How to Make Kombucha (batch brewing)

 reading time: 8 min




So, first off: What exactly is kombucha? I've recently published a looong blog post all about the health benefits, general tips and troubleshooting instructions for  making and utilizing kombucha, so make sure to check that out first!

But in a nutshell, kombucha is a refreshing and delicious fizzy fermented tea with numerous health benefits that is served cold. It is made through a double-fermentation process (don't let that intimidate you!) with the aid of a SCOBY, a Symbiotic Culture Of Bacteria and Yeast.

The good news is, once you've got the hang of it, kombucha is extremely easy to make at home and only costs a fraction of the price compared to store-bought kombucha! It kind of makes you feel like a little (al)chemist or a kitchen witch with all that brewing and fermenting :)

The method I use for making my own kombucha is batch brewing, meaning I always make one batch at a time versus continuous brewing. This method is straight-forward and perfect for beginners! (And for people who don't want to make kombucha all the time for the rest of their life, lol.)


Scroll down for my recipe + step-by-step guide with pictures to learn how to prepare your own kombucha (batch brewing) at home!

What You Will Need: 

for making kombucha / 1st fermentation:
- a SCOBY
(Symbiotic Culture Of Bacteria and Yeast; homemade from previous batch of kombucha, given by friend, or purchased online from a reliable source)
- starter liquid (either
unpasteurized, unflavoured store-bought kombucha or leftovers from a previous batch)
- tea (black tea is best for starters, but green tea, rooibos tea and even fruity teas work as well with a larger SCOBY; only use tea without aromatic oils, so no Earl Grey etc.!)
- granulated sugar (e.g. white sugar, brown sugar, cane sugar)
- filtered tap water
a wide mouth glass or ceramic container (should hold between 1 liter and 1 gallon/3.7 liters; preferably with a spigot, either made of plastic or stainless steel!)
- a tightly woven cloth (e. g. gauze, coffee filter, napkin or a dish towel;
apparently cheese cloth is not effective at keeping fruit flies out!)
- a rubber band
- a large pot for brewing tea
- about 1 hour of time every week or two

for bottling + 2nd fermentation:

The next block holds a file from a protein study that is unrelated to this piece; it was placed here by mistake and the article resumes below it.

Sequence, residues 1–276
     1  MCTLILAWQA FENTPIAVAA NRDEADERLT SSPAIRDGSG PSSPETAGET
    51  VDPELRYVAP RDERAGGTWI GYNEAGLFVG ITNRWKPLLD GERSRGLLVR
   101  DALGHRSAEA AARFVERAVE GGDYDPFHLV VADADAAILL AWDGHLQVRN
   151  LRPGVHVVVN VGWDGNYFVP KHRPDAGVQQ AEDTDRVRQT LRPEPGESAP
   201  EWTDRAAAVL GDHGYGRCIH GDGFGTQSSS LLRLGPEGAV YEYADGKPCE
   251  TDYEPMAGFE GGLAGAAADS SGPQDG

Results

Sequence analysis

- a sieve
- a funnel
- several airtight bottles, ideally with flip flop lids *
- (optional) fruits, herbs and/or spices of your choice


* I used a bunch of recycled bottles from store-bought cider and other fruit wines which I sterilized with boiling water, some natural dish soap and vinegar; another way to sterilize your bottles is to put them in an oven on low heat of 110 °C / 230 °F for around ten minutes – if it is too hot, they'll crack!


The Recipe:

HOMEMADE KOMBUCHA
 


Preparation time: 70 mins + 7 days fermenting
Main ingredients: SCOBY, black or green tea, sugar
difficulty level: easy-moderate
makes: 4.5 litres kombucha
suitable for: vegan, lactose-free, gluten-free, nut-free, soy-free, low-fat

Ingredients

general guidelines:
1 SCOBY

10 to 20 % (of the total amount of water using) starter liquid
8 g organic tea per liter (of water using), either loose or tea bags
50 to 100 g granulated sugar per liter (of water using)
filtered water

my specific recipe:
1 SCOBY (mine is about 600 g by now)
800 ml (
~ 3 1/2 cups) starter liquid (from the previous brew)
40 g (~ 8 tbsp or 16 bags) organic loose black or green tea (in my case it's a Darjeeling first flush)
300 g (~ 1 1/2 cups) cane sugar
3 liters (12 cups) of boiling filtered water
2 liters (8 cups) of cold filtered water

this recipe makes about 4.25 liters (~ 1.1 gallons) of kombucha!  Scale up or down to make as much as you need.


Instructions

Part 1: First Fermentation

Gather your supplies: a large glass container (the size depends on how much you want to make – in my case it's a 2 gallon container with a stainless steel spigot, but I usually fill it with only 1.3 gallons of tea), a SCOBY, starter liquid, sugar, and tea. Make sure your supplies are clean (just use hot water and a splash of white vinegar to "sterilize" them).

If your SCOBY and mature liquid / starter tea are still in their fermentation container from the previous batch, gently take it out with very clean hands, and transfer to an equally clean glass or bowl, along with the liquid. Cover with a clean plate or cloth.

Prepare the sweet tea. Bring filtered water to a boil. Steep organic loose tea or tea bags in hot water for 10-12 minutes.

Strain tea. Discard OR – much better – place the tea leaves on a baking tray to dry and save for the next round of making kombucha (I just blend them with "fresh" tea, or just steep the tea a little longer). Alternatively, black tea leaves make for a great natural fertilizer, so just mix it into the soil in your backyard or give it to your indoor plants!